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So where are we headed today?

The problems with this plan became apparent almost immediately; unlike other games that we had just watched the other play, here there was a huge variety in the approach we were taking in each session some days the player would want to just explore and cruise around picking things up, other times they would want to barrel on headlong toward an objective or far off point just to get there; in short, our play goals were rarely aligned. Luckily the solution to this was simple and very quickly instigated we are now concurrently playing the game on our individual profiles and with a little effort in considerate gaming havn’t managed to spoil the experience for the other. The whole misadventure started some wheels turning about the different ways that I approach open-world games depending on my mood. The first thing I realised was that I’m rarely consistent: I know some people who stick almost religiously to the story to begin with and then scout around after completion, others who do everything they can but the story, some who methodically clear areas of all activity before moving on, and just about every variation on these themes in between.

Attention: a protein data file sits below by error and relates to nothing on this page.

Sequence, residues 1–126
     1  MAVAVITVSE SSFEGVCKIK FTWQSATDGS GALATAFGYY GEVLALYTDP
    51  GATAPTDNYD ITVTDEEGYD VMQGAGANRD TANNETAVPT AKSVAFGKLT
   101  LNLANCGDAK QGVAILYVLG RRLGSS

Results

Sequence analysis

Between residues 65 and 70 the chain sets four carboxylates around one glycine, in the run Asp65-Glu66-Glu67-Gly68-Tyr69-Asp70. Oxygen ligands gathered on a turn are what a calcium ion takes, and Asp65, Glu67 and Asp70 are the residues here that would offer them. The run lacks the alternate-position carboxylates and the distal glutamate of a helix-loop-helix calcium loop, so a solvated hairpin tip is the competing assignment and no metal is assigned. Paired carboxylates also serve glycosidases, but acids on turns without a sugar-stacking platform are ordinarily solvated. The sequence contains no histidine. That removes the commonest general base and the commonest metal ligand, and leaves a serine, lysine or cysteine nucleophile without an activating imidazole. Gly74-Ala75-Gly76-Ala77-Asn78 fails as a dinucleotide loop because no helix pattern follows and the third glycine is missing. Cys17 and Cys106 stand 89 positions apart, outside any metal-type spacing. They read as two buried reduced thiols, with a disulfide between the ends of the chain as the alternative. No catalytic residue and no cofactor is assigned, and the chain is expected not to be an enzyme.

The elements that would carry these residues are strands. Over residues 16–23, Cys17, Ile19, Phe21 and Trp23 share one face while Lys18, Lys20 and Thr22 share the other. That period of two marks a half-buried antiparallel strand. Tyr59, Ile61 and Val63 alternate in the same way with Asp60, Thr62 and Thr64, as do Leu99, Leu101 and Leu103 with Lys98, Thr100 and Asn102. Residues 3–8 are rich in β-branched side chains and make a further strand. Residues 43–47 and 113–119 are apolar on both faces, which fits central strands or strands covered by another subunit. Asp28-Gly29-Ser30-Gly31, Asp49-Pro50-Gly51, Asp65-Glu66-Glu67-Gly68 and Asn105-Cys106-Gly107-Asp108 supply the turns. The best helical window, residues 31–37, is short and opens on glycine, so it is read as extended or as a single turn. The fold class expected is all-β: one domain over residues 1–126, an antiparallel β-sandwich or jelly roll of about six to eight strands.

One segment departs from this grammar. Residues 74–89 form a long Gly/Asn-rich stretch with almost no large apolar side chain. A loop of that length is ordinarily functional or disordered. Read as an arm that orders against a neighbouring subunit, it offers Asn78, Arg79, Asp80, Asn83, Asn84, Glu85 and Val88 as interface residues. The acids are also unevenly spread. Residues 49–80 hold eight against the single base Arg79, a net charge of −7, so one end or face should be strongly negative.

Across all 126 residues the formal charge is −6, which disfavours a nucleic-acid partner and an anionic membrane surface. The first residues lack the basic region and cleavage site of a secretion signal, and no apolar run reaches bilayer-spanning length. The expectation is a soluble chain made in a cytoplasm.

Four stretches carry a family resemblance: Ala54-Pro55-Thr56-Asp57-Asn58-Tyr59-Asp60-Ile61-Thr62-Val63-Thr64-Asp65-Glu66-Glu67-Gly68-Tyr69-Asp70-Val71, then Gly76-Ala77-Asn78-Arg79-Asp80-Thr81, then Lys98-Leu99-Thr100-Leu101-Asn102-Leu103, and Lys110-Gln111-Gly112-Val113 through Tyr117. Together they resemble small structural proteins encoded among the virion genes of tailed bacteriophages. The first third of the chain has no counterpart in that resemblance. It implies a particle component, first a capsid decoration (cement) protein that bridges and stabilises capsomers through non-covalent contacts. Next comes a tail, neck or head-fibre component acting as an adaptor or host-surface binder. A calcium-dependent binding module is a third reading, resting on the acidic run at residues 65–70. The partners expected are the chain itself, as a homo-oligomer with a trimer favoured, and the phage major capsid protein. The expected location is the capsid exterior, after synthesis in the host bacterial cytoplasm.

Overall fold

The first play-style that I spotted in myself was what I’ll assign the moniker ‘plot session’: I’d usually make the decision to attempt to progress the main quests right from switching the console on before a period where I know I’m unlikely to be interrupted. I enjoy becoming absorbed in the events of the world and don’t want to have to duck out half way through a critical sequence. The weird part is that I rarely progress the plot part-way through a gaming session; I’m either pushing the plot or not, there’s no half measures, I also tend to stop playing once that specific part in the plot is complete.